Tuesday, May 21, 2024

Trying a New High-intensity Exercise Protocol – BionicOldGuy

I mentioned previously that I’ve been following Dr. Peter Attia’s suggested aerobic exercise protocol for longevity. The part of the protocol I’ve least enjoyed is the 4×4 intervals for maximum aerobic intensity, because they lead to soreness the next day.

Recently I read The Quick and The Dead by Pavel Tsatsouline, which offers an intriguing alternative. It gets into some exercise science to explain the rationale, which I’ll get to below for those interested. The bottom line is that you do sprints, about 20 seconds long, of your activity of choice, with a lot of easy recovery time in between (more than 5 minutes). I have tried this and the sprints are challenging and it feels great. And very little soreness afterwards. For biking I just cruise along in a brisk aerobic pace. Then I do a 20 second sprint as hard as I can, followed by a but over 5 minutes of brisk cruising. I repeat this sprint/cruise 10 times, and finish with a cooldown. For my upper body, I do my normal strength training with resistance bands. Then I do the alternating sprint/cruise arm cycling. I also alternate sprinting/cruising on my kayak simulator with weight bands. So far I’m up to 5 repeats with the arm cycling and 4 with the kayak simulator. I’ll report back in a few weeks how this is working out full time.

I have found Pavel’s writing fascinating for some time. He is most famous for introducing Westerners to the kettlebell, but also has brought over a lot of lost exercise science knowledge from the former Soviet Union. Until now I have not actually followed any of his advice to the letter so I’ll be interested to see how this works out. I must admit I’m still not exactly following the book’s advice, because the book recommends specific exercises like kettlebell swings but I’ve adapted it to cycling and arm-cycling.

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Exercise Science Behind Sprints With Longer Recovery

The point of high intensity exercise like the 4×4 intervals or Pavel’s sprint/full recovery approach is to fully develop the aerobic capacity of our fast twitch muscles. These muscles come in two types, fast-oxidative, and fast-glycolytic. The former can be trained to develop their mitochondrial capacity and thereby improve their aerobic capacity. This is good for both performance and health. The conventional wisdom is to do this by exercising for a significant time at a high intensity, like the 4×4 intervals. Everything up to this point is exercise science 101. But Pavel present’s an alternative mechanism I’d never heard of which is activated by the sprints: The standard way our muscles are provided with energy to do aerobic work is to break the molecule adenine-tri-phosphate (ATP) molecule to adenine-di-phosphate. But it turns out if you hold a sprint for long enough (like more than about 10 seconds but no more than about 20), there is an “emergency mechanism” that can be called upon: adenine-di-phosphate can break down to adenine-mono-phosphate, yielding more energy. The catch is that it takes a while to recover from this, which is why the recovery periods between sprints of over five minutes are needed. But this trade-off is more than worth it in the wild: a leopard sprinting to catch an antelope doesn’t mind if it has to go slowly for a while afterwards. An antelope that has just escaped a leopard doesn’t mind hiding and resting for a while either. This is where the title of the book “The Quick and The Dead” come from.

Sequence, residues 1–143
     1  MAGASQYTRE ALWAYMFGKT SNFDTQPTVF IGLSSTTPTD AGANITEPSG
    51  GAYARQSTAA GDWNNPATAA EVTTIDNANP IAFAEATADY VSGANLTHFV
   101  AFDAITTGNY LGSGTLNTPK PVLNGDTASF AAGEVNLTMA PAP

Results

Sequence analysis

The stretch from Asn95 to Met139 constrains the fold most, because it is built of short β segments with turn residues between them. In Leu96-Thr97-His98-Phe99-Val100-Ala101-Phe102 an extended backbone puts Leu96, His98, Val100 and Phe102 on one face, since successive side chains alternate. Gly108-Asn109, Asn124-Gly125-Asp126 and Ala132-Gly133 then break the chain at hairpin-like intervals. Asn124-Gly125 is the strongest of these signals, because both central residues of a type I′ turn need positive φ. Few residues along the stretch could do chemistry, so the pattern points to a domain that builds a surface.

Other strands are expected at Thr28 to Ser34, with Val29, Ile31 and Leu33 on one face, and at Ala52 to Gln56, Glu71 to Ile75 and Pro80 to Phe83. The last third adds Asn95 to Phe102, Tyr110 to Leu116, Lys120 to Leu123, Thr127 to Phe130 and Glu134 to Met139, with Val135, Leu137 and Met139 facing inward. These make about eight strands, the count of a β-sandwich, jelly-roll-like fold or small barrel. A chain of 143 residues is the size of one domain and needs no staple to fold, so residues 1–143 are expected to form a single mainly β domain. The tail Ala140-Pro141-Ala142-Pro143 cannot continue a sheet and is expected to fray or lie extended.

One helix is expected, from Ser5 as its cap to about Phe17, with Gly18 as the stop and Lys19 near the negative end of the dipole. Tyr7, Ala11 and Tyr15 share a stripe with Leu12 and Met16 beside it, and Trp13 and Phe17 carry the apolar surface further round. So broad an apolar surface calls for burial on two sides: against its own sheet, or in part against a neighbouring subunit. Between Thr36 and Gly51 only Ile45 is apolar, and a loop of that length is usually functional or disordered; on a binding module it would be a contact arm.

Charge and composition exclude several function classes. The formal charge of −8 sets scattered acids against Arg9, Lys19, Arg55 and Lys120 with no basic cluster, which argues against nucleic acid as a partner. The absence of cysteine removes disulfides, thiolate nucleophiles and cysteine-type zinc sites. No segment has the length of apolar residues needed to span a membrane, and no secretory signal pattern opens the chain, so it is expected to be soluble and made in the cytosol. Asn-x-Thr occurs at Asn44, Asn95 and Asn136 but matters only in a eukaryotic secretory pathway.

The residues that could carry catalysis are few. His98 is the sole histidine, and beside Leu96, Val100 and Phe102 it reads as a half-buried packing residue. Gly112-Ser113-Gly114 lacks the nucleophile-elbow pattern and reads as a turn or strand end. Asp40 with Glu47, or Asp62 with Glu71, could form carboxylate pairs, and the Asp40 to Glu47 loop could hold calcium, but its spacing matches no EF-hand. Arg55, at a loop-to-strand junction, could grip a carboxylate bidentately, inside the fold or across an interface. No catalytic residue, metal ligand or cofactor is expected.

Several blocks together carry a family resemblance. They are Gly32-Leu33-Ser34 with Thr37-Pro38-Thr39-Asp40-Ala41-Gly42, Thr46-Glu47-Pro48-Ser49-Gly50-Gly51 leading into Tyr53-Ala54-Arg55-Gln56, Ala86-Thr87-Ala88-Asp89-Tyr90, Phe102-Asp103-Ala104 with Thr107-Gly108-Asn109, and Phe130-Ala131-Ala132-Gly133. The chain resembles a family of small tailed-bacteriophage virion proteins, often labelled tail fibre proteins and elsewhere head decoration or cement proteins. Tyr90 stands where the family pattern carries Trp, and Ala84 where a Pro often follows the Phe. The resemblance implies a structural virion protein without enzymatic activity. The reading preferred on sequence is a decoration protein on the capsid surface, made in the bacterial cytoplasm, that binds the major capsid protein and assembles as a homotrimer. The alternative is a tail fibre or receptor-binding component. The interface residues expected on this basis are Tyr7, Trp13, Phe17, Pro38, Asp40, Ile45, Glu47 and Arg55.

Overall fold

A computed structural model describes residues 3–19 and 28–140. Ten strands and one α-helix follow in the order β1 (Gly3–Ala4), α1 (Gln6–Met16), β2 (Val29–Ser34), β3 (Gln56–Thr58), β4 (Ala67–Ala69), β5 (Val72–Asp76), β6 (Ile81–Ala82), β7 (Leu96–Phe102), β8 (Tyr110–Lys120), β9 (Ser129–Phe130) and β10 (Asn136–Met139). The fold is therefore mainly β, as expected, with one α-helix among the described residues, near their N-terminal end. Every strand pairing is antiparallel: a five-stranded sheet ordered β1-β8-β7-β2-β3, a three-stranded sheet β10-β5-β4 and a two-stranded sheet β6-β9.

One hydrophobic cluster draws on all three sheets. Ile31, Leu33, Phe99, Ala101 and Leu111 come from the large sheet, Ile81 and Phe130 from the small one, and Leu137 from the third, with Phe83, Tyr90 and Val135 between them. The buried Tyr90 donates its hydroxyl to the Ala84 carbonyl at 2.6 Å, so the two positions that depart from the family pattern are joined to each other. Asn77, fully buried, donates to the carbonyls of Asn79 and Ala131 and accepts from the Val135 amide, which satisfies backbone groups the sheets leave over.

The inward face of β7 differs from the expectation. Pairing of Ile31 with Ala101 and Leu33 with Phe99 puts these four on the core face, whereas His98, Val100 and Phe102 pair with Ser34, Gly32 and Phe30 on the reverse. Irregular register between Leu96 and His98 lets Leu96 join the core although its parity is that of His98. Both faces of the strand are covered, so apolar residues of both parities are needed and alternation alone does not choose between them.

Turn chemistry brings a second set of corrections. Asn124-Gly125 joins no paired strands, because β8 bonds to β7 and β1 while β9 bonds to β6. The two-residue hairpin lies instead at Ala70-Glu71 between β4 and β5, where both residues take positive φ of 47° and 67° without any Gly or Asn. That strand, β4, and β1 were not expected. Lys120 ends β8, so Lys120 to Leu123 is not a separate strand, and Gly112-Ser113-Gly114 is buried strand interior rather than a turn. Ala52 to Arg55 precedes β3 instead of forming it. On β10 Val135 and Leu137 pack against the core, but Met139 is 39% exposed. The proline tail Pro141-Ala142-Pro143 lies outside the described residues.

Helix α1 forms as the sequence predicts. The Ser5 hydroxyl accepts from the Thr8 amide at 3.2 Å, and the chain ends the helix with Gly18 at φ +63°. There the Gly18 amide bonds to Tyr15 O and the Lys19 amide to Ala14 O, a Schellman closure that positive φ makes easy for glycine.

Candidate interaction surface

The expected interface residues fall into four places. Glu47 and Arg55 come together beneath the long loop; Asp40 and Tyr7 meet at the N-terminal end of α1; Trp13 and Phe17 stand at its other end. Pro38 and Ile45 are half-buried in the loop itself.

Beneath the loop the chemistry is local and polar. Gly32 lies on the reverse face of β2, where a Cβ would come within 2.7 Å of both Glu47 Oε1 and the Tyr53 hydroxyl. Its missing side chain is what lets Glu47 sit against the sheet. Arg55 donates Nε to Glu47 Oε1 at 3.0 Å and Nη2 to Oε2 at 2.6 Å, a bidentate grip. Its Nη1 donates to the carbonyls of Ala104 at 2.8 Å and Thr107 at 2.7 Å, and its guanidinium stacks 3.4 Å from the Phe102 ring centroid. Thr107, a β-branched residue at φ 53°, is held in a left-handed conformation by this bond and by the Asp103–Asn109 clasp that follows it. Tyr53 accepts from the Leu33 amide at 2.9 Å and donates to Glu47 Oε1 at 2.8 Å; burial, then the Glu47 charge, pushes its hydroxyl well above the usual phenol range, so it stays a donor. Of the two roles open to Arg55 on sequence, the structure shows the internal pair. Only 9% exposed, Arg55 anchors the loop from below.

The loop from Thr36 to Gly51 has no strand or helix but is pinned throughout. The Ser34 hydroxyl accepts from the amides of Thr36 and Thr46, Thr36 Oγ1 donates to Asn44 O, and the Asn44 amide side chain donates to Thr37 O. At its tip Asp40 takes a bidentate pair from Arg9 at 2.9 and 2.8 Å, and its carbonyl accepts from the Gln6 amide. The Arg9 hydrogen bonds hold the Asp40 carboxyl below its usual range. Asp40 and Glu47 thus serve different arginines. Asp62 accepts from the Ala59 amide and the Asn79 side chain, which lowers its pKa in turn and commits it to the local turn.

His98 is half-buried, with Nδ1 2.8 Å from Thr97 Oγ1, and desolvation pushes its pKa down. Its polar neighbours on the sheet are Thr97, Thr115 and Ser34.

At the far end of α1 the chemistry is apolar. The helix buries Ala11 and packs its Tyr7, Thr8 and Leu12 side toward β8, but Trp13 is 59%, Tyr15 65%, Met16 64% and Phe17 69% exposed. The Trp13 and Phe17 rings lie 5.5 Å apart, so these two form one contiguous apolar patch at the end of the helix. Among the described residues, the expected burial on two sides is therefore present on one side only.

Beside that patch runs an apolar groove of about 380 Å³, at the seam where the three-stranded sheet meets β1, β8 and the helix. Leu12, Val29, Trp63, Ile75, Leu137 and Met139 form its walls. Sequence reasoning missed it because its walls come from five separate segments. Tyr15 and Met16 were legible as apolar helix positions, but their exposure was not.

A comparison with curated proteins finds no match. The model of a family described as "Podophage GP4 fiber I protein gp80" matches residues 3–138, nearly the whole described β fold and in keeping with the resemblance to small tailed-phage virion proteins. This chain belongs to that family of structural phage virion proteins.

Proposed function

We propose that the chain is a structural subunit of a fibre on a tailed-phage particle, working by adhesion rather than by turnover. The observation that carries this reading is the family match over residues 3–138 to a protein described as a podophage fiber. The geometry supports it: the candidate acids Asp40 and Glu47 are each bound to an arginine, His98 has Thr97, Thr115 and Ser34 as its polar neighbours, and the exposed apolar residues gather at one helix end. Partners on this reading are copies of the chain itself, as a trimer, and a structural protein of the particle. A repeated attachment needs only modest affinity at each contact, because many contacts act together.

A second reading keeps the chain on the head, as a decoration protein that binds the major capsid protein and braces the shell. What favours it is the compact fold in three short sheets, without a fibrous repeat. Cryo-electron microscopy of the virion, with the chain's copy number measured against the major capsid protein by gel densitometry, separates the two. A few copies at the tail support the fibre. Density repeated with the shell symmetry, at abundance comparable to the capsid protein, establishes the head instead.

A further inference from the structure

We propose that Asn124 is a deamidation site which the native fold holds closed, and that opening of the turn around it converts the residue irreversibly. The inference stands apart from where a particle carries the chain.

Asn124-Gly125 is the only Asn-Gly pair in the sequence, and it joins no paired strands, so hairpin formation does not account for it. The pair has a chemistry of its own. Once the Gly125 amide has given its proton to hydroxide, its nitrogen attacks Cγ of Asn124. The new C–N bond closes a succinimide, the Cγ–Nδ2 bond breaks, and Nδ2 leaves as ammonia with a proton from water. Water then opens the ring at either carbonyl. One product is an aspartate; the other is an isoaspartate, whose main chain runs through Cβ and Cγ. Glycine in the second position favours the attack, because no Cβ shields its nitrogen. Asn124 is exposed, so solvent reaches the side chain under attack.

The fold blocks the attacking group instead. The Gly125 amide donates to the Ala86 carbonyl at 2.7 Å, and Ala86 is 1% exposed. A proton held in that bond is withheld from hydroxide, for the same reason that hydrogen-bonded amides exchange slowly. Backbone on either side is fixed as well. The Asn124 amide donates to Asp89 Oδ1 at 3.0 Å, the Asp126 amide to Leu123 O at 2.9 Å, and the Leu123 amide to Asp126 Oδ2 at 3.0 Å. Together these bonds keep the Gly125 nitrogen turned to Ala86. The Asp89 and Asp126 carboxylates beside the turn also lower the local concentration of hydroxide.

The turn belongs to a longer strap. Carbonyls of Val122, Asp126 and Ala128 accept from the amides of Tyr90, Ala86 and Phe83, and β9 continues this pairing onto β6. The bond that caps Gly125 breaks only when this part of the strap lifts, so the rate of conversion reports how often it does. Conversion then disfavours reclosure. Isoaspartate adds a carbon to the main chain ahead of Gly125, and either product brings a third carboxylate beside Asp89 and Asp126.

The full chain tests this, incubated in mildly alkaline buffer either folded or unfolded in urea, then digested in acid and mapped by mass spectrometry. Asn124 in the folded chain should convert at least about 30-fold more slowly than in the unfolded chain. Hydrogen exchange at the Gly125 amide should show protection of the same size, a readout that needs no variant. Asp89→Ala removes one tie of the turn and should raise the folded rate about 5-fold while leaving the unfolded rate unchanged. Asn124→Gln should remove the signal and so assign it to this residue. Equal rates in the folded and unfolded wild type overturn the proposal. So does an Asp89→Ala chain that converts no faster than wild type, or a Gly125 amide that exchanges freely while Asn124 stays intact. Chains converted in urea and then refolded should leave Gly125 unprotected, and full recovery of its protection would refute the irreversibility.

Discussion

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Here’s the cool part from a health standpoint: I’ve heard the AMP-activated protein kinase (AMPK) molecule mentioned in various places as a potent stimulus for improving mitochondrial status in muscles. But I didn’t realize up till now that the “AMP” in AMPK is precisely adenine-mono-phosphate. What the body senses is a relatively low levels of ATP compared to levels of AMP. This is what occurs in muscles when you do the repeat bouts of 20 second sprints, and is why this is a potent alternative mechanism to high-intensity interval training. And as I’ve mentioned, it is touted as leading to less soreness, which I have found to be true for me.


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